Volcano center loses 5 staffers
The shortage comes from retirements and routine transfers
HILO » When trying to solve a puzzle, it's useful to have a variety of minds working on the problem. Right now, the Hawaiian Volcano Observatory is short about five minds.
With two retirements and three staff scientists having moved to other locations, the observatory is down to 25 scientists from the 30 it had last year, said observatory head Jim Kauahikaua.
"I don't feel it's a major crisis. We can function with the people we have here," Kauahikaua said. "It's not that we're hobbled by losses. We're working pretty hard to keep up with it."
But the unusual bulging of Kilauea Volcano's summit area is one example where more minds could help.
"We may not have the critical mass to discuss various data sets," Kauahikaua said.
Computer specialist Wil Tanigawa and geologist Christina Heliker retired this year. British scientists Marie Edmonds and Ricky Heard, who were here on temporary assignments, went home to the United Kingdom. Seismologist Stewart Koyanagi went to work for the Pacific Tsunami Warning Center.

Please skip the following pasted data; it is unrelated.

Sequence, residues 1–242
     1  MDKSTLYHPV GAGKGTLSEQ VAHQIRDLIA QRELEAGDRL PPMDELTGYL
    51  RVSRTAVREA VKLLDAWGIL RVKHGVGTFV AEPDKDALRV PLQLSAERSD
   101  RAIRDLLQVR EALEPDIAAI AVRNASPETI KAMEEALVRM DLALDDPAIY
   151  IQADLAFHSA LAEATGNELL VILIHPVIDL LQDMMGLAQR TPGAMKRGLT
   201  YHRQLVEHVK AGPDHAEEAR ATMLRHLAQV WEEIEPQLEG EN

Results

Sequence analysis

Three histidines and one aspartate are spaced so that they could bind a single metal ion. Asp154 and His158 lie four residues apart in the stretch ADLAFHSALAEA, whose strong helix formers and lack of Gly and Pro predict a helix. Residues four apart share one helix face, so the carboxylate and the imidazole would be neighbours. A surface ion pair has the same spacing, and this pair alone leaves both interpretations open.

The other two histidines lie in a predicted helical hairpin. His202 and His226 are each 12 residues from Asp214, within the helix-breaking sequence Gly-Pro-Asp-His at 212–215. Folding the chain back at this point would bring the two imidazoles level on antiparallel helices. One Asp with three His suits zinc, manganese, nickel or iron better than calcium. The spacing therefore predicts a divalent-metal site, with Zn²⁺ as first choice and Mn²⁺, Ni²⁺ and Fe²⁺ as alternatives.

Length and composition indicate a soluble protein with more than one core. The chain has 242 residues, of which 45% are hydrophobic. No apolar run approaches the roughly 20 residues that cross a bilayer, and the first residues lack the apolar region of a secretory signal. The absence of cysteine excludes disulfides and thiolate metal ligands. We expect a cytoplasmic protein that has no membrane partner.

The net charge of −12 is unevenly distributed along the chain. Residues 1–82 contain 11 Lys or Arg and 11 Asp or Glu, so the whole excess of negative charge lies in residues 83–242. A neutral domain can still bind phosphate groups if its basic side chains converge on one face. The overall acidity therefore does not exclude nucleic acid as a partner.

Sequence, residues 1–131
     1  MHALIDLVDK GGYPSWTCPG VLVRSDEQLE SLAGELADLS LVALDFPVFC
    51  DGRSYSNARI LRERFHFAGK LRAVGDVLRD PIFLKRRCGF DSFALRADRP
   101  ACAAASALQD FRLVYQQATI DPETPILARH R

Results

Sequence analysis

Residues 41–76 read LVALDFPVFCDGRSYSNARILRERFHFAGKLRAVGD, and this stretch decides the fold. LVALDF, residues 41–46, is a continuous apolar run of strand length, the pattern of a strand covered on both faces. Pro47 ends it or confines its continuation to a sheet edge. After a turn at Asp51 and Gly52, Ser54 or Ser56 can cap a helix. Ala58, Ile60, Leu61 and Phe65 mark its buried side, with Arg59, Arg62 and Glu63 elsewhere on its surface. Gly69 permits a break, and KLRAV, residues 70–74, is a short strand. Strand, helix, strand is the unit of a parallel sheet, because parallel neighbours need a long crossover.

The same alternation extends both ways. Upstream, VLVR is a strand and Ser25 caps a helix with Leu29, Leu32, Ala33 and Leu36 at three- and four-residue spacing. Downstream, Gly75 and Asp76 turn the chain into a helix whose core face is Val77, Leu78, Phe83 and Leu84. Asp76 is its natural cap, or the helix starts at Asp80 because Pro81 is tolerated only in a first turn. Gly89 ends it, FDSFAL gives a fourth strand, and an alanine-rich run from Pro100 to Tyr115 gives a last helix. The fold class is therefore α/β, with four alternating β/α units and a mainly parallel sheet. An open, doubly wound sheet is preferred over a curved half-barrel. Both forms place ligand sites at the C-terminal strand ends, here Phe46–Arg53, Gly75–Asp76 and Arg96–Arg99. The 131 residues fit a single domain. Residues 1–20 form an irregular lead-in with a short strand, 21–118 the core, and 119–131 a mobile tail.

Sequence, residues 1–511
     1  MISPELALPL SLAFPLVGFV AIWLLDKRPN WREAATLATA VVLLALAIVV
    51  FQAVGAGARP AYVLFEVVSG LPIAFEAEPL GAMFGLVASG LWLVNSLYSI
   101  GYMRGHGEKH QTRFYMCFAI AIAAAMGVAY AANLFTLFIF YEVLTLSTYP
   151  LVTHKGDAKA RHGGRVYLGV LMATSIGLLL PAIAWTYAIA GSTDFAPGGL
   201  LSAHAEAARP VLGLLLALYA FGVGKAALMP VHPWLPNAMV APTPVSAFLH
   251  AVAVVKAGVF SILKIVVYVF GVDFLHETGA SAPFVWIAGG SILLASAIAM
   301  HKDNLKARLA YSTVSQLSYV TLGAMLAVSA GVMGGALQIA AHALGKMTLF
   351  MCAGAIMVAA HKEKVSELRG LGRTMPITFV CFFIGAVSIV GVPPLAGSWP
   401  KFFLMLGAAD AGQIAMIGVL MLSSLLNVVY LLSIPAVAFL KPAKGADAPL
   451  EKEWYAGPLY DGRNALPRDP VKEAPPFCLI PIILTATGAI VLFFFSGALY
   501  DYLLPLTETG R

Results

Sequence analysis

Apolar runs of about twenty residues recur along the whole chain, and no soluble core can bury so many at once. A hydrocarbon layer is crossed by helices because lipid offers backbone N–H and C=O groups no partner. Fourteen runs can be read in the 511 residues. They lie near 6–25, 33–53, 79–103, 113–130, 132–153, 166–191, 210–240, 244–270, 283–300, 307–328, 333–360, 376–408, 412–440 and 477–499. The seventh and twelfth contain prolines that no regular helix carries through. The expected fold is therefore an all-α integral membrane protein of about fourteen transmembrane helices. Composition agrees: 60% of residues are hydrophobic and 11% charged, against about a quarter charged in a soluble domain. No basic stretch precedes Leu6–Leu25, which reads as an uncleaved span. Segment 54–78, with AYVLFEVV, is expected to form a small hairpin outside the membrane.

One scientist who dropped out of view but remains at the observatory is Don Swanson.
Head of the observatory until 2004, Swanson continued until last month as the anonymous "observer" who made daily, pre-dawn reports ranging from lava flows to American Indian names for the full moon.
Swanson explained why he did it for seven years. "It was, purely and simply, because I wanted to tell you about the eruption, the only one of its kind in the world."